Brian L. Gray: Sisters, the great conscience
I was coming out of Gibbs’ Shop & Go with my sister and a female neighbor of ours. I was 5 years old at the time, and my sister and the girl were both 7. We had been playing together all day, and got hungry for some candy. Being kids, we had to pool our cash to buy some. On the way home to return to our imaginary crossbred world of Barbies and Teenage Mutant Ninja Turtles living in domestic harmony, an argument broke out between my sister and the neighbor. The neighbor wasn’t happy with the type of candy we decided to purchase. It was something my sister and I liked, but the neighbor didn’t.
What started out as a verbal argument over candy quickly escalated into violence. The neighbor kicked my sister, who was standing next to me, directly in the shin. My sister started crying, and I, seeing her in such agony, couldn’t help but cry too.
The neighbor girl walked away in anger, leaving my sister in physical pain and me carrying the mental burden of her pain. My sister and I made our way home, two weeping children walking the sidewalks of Mandan, and once my sister felt better and stopped crying, I did too.
I’ve never questioned why I started crying, or thought what I was doing was strange. I wasn’t kicked myself, but because it was my sister who was, I too felt the pain. What she felt, I felt.
Since then, I don’t think my feelings toward my sister have ever changed. I’ve always looked out for her, and did everything I could to make sure she was doing well in life.
She, on the other hand, has always done the same for me – only on a substantially larger scale. My sister, Steph, over the years, has become my biggest critic. I have quite a ways to go before I strike mental and spiritual gold in life, and she takes it upon herself to point out my faults, without guilt or hesitation. I’d stop her from doing this to me all the time, if she wasn’t always right.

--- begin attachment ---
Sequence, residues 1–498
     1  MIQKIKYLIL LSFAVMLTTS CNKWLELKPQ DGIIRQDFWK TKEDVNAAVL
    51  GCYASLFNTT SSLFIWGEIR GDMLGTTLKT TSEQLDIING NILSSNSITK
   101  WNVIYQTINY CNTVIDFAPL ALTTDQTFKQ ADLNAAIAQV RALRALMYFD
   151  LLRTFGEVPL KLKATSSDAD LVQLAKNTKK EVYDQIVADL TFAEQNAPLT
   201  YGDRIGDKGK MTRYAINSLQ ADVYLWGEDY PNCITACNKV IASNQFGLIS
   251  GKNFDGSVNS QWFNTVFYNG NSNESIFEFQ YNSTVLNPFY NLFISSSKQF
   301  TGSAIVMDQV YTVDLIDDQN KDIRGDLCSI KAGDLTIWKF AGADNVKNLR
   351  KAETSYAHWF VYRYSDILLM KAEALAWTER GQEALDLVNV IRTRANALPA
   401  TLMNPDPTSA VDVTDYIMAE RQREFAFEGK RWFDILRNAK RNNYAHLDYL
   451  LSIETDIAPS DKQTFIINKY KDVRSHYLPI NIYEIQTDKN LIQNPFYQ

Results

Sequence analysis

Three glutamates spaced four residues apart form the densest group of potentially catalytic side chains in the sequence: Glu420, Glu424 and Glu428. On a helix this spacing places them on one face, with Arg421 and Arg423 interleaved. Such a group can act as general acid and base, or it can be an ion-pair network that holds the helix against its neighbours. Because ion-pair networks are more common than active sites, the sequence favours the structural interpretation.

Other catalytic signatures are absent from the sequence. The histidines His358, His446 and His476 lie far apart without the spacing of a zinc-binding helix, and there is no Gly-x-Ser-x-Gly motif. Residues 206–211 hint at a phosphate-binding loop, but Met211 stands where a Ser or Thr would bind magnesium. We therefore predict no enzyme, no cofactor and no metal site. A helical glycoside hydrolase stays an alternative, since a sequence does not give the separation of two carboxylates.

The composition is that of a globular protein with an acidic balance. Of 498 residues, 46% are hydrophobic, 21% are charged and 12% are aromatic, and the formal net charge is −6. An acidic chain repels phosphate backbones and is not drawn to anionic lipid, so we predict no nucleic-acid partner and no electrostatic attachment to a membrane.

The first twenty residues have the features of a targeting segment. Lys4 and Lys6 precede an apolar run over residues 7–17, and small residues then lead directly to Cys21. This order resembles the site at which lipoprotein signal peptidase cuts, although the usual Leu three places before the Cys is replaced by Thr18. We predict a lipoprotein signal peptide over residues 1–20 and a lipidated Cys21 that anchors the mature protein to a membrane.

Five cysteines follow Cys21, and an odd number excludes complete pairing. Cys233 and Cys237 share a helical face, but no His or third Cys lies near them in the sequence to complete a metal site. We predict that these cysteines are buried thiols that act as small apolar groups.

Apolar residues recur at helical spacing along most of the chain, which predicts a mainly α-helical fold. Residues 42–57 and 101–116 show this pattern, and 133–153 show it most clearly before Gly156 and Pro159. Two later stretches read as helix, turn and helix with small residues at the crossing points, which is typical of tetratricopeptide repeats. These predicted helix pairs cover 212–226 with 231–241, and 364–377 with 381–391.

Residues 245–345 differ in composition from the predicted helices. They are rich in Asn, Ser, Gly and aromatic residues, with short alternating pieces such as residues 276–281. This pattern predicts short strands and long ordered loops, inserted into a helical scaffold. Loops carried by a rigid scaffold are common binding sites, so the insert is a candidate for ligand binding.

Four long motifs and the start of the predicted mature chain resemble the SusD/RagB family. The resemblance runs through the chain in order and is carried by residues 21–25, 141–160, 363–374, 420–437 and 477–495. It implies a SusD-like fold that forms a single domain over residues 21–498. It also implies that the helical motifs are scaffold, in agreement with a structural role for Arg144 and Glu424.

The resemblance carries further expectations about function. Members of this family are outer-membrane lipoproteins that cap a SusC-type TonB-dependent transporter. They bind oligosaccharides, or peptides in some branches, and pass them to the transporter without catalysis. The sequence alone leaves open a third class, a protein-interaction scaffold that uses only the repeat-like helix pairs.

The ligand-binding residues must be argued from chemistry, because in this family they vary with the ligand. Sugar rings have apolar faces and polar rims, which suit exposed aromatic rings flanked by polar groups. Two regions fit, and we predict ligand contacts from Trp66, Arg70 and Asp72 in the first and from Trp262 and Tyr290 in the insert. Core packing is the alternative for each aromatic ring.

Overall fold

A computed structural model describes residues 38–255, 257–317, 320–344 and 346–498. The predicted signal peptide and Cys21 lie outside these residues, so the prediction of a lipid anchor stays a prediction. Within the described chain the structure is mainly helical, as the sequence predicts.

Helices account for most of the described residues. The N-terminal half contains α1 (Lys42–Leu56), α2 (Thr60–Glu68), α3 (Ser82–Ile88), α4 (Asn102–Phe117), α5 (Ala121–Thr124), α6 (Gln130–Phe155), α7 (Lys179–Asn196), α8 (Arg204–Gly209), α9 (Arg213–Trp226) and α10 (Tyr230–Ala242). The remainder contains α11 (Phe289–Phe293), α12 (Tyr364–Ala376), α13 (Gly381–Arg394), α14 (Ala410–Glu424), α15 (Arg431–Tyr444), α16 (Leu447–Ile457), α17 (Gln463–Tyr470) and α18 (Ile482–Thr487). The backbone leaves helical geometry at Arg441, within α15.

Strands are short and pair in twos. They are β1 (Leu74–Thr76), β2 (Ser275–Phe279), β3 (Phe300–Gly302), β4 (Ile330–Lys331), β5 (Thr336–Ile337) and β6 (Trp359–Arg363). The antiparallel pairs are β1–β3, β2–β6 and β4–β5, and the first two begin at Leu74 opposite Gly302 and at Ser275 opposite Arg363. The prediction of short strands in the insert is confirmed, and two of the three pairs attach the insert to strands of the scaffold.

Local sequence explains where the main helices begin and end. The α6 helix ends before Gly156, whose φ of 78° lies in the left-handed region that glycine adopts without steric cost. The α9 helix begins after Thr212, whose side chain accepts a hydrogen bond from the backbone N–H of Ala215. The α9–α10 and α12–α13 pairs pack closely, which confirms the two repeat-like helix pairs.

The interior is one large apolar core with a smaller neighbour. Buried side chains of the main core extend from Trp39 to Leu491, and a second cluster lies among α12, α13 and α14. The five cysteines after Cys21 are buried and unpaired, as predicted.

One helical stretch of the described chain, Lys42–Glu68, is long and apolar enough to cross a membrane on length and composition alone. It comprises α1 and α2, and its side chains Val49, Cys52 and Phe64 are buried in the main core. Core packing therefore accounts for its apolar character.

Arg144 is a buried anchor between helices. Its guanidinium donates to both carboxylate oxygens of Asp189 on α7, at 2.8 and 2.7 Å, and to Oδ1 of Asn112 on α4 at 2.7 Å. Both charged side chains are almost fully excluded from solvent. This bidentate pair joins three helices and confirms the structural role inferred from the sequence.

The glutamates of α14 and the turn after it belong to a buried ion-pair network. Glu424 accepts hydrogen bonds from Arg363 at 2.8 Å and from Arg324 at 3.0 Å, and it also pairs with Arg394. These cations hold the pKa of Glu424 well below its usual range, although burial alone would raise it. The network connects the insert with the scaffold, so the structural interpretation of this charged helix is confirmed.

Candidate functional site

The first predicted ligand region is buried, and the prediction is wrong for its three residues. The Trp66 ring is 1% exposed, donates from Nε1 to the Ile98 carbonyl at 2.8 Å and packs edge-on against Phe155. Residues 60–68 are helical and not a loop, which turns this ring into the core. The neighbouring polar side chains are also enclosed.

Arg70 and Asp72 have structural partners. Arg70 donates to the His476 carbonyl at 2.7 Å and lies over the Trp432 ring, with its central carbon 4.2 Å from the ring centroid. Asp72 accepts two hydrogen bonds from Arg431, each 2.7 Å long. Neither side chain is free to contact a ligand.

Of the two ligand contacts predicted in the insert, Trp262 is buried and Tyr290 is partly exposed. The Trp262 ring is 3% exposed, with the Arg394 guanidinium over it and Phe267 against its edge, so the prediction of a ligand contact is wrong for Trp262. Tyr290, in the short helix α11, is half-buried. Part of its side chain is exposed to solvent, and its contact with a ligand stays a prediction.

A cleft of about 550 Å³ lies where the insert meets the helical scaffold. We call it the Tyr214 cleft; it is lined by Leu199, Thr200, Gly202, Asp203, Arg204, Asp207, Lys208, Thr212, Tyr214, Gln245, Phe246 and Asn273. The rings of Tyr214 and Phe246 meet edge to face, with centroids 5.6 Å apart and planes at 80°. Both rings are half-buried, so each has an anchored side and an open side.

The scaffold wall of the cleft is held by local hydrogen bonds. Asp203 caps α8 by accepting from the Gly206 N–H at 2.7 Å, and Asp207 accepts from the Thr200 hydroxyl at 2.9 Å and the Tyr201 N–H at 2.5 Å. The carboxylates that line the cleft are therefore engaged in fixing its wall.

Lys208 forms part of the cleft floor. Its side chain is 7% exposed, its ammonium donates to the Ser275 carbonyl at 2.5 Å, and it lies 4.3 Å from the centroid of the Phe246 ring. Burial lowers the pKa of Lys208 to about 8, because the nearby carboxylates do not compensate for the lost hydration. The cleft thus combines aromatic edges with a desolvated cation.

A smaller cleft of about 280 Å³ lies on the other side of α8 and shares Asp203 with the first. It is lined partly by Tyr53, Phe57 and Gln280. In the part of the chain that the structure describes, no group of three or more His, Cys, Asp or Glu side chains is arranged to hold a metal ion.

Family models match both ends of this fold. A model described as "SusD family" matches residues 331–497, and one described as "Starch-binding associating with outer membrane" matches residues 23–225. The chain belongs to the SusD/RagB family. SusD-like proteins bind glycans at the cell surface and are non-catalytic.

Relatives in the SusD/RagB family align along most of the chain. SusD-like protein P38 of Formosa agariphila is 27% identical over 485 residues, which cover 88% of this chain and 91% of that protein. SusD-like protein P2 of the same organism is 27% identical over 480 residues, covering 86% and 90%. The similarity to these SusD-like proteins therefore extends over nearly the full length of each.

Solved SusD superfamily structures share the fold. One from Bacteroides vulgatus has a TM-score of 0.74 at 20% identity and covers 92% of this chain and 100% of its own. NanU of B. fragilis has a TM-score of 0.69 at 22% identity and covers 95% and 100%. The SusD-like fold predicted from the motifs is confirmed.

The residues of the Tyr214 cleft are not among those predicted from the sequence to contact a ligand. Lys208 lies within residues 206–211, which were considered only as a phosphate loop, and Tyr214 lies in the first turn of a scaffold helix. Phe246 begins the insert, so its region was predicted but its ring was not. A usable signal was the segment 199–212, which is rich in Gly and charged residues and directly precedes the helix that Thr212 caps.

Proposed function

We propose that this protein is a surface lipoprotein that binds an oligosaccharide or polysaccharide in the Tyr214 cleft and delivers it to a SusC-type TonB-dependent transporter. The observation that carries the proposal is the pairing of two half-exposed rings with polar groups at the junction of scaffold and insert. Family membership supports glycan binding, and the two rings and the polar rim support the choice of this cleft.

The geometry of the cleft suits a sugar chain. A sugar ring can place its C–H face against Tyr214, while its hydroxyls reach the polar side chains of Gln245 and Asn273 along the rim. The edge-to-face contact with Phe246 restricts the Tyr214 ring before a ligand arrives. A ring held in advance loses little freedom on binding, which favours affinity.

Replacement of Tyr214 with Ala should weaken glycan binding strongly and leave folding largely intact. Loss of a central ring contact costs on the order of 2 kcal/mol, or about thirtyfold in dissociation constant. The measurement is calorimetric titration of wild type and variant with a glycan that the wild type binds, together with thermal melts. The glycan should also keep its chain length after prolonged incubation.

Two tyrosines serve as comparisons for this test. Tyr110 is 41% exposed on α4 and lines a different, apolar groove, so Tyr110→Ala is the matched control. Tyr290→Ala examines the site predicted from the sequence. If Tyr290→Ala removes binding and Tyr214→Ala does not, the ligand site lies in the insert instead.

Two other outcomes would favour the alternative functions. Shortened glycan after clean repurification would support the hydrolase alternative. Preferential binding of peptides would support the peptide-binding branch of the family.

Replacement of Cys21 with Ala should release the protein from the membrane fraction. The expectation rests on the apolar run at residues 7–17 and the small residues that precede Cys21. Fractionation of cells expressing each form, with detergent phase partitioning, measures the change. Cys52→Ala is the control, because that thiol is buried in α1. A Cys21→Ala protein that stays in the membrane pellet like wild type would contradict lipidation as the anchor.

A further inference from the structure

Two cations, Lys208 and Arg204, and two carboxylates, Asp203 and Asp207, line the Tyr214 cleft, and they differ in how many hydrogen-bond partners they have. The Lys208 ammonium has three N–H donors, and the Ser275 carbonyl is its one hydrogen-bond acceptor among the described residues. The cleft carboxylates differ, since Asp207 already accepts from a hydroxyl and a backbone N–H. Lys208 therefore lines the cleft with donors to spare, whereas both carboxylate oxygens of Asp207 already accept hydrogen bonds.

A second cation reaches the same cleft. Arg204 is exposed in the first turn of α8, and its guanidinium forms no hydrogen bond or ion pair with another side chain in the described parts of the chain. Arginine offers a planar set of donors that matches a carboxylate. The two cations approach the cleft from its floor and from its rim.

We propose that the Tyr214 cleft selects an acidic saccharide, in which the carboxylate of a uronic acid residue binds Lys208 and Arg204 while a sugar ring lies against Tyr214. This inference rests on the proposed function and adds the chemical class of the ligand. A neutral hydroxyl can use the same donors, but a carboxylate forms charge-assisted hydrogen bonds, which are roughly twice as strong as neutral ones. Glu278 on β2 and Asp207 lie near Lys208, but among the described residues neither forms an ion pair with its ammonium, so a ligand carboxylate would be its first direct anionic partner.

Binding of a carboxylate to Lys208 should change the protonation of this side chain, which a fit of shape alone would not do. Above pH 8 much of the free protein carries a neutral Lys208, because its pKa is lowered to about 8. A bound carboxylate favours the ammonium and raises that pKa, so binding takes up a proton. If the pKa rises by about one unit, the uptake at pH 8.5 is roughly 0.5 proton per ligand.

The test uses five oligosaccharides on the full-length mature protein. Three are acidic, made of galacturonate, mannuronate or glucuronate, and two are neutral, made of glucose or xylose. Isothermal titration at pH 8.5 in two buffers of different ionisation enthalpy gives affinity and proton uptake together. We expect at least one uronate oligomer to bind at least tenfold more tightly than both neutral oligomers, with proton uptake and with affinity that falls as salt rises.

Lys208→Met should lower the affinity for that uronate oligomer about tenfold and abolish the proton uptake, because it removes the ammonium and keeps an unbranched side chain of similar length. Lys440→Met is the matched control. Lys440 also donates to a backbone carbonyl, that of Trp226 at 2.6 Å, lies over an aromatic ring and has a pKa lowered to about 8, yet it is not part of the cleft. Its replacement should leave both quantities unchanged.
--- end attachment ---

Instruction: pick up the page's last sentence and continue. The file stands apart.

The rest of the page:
I always know when she’s about to criticize me, because she starts off her stream of insults with the same opening line – “Brian, you suck…”
She constantly scrutinizes me, telling me what’s wrong with me and what I need to better about myself. “Brian, you suck… you need to quit smoking… you swear too much… trim your nose hairs… you smell, take a shower… stop hitting on my friends… you need a social life… quit being a moron…”
The insults haven’t stopped since grade school, and have continued on a regular basis. She always finds things about me that aren’t up to her standards, and shamelessly lets me know about them with pinpoint accuracy.
Even when she’s not around, I hear her voice in my head. It’s a voice that has, over time, become my mental Jiminy Cricket of sorts. “Brian, you suck…”
My sister has always been the kind of person who is driven to improve her immediate surroundings. Among all of my siblings – one sister and two brothers – it was my sister who was given the boundless energy gene. Where me and my bros are generally laid back and cool with the status quo, it’s my sister who resists the way things are and is more focused on the way things could be, as she pushes to change things for the better.
It’s in her nature to improve things. And that’s part of the reason why she’s joined the Peace Corps. She’s doing her service in Azerbaijan, where she’ll be for the next two years. It’s okay. I’d never heard of it either.
Steph has done a great job so far in helping to make me be a better person through the years, and now the time has come for her to share her extraordinary talent for making things better. This is her opportunity to help others become better people, and improve their overall quality of life. And I couldn’t be more proud of her.
I can hear it already – “Hey (insert Azerbaijani citizen’s name here), you suck…”
I know I’ll always be a better person as long as my sister’s around. It’s going to be hard not having her close by to criticize me, as she has been not just family to me but a close friend. But I’ll take that feeling for two years if it means she’s doing something that’s important to her, and something she’s so good at doing. As it was since we were children, if it’s important to her, it’s important to me.
So I suppose I’ll learn to get by without my sister around. I’ll manage without her.
No I won’t.
Someone, please… tell me that I suck…